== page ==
How to Find Treasure

He will be the sure foundation for your times, a rich store of salvation and wisdom and knowledge; the fear of the LORD is the key to this treasure.

Isaiah 33:6

What’s your favorite movie? I am a huge fan of the Pirates of the Caribbean. I remember quoting lines with a friend who loved the movie just as much when it first came out. We talked about the ship called the Pearl that was the treasure in the movie everyone wanted. My friend bought a car and named it the Pearl. The purple sheen overlaid a white car, so the name fit.

People will do a lot of things for treasure. Some of that activity is not so good: stealing, lying, cheating. In the nonprofit sector, employees will change entire programs and the way people receive services to receive dollars from a particular donor.

Other activities that earn treasure are good: building character, learning patience, growing. The individual activities that make individuals better ripples into the sector. When people in the nonprofit sector become better, everyone gets better: clients, staff, volunteers, and board members. As John Maxwell says, “Everything rises and falls on leadership.” Consider your circles of influence and how when you earn “treasure” how they will also benefit.

Seeking treasure begins on the individual level. But what is that individual to do first? To find that pearl of value, Isaiah says to fear God. Of course, this isn’t the quaking-in-your-pirate-boots fear, a scaredy-black-cat fear. This is respecting God for who He is and what He does in and through you.

Perhaps the better way of saying it is that God:

  • Is a strong place to stand, a sure foundation.
  • Is the wisest and deepest, a rich store of salvation and wisdom and knowledge.
  • Will show you the treasure map if you are willing to follow His path.

In fact, it could be said that finding God is finding the ultimate treasure. And if that’s the case, then the search for treasure is the search for God. Even in a car named Pearl.

How are you finding God as the treasure today?

After seeking God as the Treasure, find your success principles in a free webinar called 7 Proven Success Principles. You’ll learn how to set goals based on your beliefs and core values on Thursday, May 6 at 5:30 pm Pacific Time. Register here.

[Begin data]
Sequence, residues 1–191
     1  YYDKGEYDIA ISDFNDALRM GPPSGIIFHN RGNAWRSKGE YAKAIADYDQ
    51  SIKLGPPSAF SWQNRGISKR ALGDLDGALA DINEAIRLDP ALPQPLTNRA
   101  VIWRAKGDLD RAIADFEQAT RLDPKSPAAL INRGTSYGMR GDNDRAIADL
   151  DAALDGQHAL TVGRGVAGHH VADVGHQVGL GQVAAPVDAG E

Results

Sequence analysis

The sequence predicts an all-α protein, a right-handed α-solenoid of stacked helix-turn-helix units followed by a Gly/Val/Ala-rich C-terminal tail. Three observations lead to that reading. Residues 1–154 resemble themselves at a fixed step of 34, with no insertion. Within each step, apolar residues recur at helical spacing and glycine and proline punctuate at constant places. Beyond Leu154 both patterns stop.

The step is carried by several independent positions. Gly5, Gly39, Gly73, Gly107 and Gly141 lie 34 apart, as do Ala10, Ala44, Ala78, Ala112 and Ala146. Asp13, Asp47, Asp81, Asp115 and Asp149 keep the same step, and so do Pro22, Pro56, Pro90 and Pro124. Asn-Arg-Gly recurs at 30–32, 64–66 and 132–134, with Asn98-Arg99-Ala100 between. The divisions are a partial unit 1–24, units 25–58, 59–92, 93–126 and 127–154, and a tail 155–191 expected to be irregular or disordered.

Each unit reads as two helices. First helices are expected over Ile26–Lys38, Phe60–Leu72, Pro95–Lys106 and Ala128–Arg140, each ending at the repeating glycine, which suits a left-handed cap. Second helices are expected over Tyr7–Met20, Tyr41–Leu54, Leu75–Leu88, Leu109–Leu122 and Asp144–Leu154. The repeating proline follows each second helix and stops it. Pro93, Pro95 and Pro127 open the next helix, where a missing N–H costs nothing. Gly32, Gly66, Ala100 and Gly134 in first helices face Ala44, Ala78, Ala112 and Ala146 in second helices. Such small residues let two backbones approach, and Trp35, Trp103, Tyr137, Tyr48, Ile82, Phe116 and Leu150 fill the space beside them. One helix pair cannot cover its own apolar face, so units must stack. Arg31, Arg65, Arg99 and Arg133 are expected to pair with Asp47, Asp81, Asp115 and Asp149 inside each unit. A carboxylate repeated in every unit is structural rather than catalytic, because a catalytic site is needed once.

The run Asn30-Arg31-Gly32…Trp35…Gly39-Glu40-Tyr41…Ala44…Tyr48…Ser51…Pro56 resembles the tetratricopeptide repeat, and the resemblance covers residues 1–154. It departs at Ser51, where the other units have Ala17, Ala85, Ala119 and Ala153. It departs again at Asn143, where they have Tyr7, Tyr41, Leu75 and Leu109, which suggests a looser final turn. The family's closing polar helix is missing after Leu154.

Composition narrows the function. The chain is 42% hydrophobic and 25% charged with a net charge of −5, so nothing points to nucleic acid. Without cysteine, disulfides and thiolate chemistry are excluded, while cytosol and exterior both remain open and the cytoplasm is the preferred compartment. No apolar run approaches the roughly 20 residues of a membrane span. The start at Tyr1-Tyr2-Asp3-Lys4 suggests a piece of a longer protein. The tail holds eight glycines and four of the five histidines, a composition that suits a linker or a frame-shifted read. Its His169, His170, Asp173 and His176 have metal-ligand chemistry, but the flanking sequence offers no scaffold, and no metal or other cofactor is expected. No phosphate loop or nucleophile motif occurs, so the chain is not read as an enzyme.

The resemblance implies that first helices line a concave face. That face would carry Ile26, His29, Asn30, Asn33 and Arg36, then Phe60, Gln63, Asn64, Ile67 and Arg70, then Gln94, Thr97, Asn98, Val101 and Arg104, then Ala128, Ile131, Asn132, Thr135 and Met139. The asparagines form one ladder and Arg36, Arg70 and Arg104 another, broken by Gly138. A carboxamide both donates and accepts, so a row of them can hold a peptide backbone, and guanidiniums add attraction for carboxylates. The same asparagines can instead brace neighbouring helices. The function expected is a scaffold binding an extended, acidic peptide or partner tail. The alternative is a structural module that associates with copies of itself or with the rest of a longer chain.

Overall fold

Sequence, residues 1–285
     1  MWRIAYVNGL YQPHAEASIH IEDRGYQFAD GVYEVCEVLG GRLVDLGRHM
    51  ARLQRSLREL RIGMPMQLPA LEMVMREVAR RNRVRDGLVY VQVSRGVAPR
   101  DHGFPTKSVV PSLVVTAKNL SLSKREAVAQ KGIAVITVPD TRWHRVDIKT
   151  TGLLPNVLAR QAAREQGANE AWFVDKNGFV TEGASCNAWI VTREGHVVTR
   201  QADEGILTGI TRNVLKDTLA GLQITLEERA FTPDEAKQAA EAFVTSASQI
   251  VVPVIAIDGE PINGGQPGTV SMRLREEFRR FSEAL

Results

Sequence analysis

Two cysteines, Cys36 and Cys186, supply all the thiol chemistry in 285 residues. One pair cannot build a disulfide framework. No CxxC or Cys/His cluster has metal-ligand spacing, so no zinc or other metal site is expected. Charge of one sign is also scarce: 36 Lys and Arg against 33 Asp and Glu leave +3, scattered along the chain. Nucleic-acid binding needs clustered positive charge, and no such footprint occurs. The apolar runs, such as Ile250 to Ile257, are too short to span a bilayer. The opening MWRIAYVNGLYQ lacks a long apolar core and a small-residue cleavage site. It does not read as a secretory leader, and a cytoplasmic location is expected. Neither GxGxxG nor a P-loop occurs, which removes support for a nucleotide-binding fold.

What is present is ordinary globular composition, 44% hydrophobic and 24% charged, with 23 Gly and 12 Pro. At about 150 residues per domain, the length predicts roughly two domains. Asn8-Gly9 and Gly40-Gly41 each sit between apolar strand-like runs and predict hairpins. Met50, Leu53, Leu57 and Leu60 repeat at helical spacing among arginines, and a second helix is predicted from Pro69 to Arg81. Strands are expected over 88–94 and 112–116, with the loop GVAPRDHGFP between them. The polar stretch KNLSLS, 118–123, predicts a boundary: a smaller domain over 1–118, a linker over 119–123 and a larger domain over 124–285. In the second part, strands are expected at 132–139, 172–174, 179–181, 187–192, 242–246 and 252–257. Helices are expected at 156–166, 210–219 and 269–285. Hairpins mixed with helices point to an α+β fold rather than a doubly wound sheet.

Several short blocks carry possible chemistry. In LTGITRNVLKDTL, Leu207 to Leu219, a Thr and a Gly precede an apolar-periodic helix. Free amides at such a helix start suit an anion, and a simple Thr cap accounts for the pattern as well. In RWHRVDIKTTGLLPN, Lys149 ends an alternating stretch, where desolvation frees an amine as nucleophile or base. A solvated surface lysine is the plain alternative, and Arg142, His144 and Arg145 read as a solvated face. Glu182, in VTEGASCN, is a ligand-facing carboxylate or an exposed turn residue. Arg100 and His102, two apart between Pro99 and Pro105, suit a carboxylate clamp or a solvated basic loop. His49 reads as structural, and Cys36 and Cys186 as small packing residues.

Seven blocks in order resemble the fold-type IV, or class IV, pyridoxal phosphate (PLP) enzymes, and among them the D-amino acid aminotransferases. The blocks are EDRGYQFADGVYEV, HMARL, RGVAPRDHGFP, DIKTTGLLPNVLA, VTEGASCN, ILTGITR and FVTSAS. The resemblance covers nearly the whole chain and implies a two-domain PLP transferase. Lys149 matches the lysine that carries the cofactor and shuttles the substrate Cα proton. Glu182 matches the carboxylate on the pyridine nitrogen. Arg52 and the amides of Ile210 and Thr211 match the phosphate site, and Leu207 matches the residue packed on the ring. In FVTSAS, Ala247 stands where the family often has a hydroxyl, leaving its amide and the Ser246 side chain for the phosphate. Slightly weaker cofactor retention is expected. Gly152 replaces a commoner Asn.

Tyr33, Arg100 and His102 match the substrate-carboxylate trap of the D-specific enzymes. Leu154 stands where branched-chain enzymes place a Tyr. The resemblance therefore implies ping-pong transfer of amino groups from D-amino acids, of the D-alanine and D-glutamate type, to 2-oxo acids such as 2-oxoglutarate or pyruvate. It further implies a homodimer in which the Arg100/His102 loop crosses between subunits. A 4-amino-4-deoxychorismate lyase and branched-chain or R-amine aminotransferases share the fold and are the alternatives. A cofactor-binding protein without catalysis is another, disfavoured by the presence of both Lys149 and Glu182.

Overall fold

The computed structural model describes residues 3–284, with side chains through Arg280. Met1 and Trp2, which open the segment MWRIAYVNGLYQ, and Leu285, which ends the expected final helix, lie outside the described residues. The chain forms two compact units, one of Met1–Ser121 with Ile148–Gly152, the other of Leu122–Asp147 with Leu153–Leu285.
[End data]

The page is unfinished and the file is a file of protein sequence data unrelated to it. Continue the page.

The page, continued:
Photo by Marin Tulard on Unsplash

© 2021, Mollie Bond. All rights reserved. Originally published at

Celebrate Good Times

They brought the ark of the Lord and set it in its place inside the tent that David had pitched for it, and David sacrificed burnt offerings and fellowship offerings before the Lord. After he had finished sacrificing the burnt offerings and fellowship offerings, he blessed the people in the name of the Lord Almighty. Then he gave a loaf of bread, a cake of dates and a cake of raisins to each person in the whole crowd of Israelites, both men and women. And all the people went to their homes.

2 Samuel 6:17-19

Who doesn’t like to celebrate? The foundation of the new church was complete, the Haitians ready to celebrate, and the memory was already special. Locals placed some rocks and mud around the outside by the locals (because the Americans had neither the muscle or the skill to do that!). The floor was level thanks to the buckets of dirt hauled by hand. That’s all to show for the days of work: a dirt floor and some rocks. Then the roof went up and my heart swelled with excitement and the rush of knowing we completed the first part.

Time to celebrate!

The following day, we gathered to have a dedication service in conjunction with a church service. Usually, the church met outside under a tree. Today, they could meet on the floor and away from the hot sun. Perhaps there weren’t walls, but everyone could envision what the church would look like when it was done. We prayed, exchanged words of encouragement through a translator, and sang a song or two with clapping and stomping creating the beat. Some sang in English, and some in Haitian Creole. A celebration doesn’t always happen at the end of the project.

It wasn’t the first time a temporary building was “good enough” for a celebration. The ark of the covenant hadn’t arrived in the temple yet—the temple had yet to be built! Still, David accomplished the first step and then stopped with the people to celebrate. Sharing food and giving gifts may have been like Christmas before Christmas!

Celebrations—the pauses—give life and energy for the next step. Celebrating is part of the journey, not just for the finish line. Stopping to pause and celebrate, even before going home at the end of a day, is important in nonprofit work.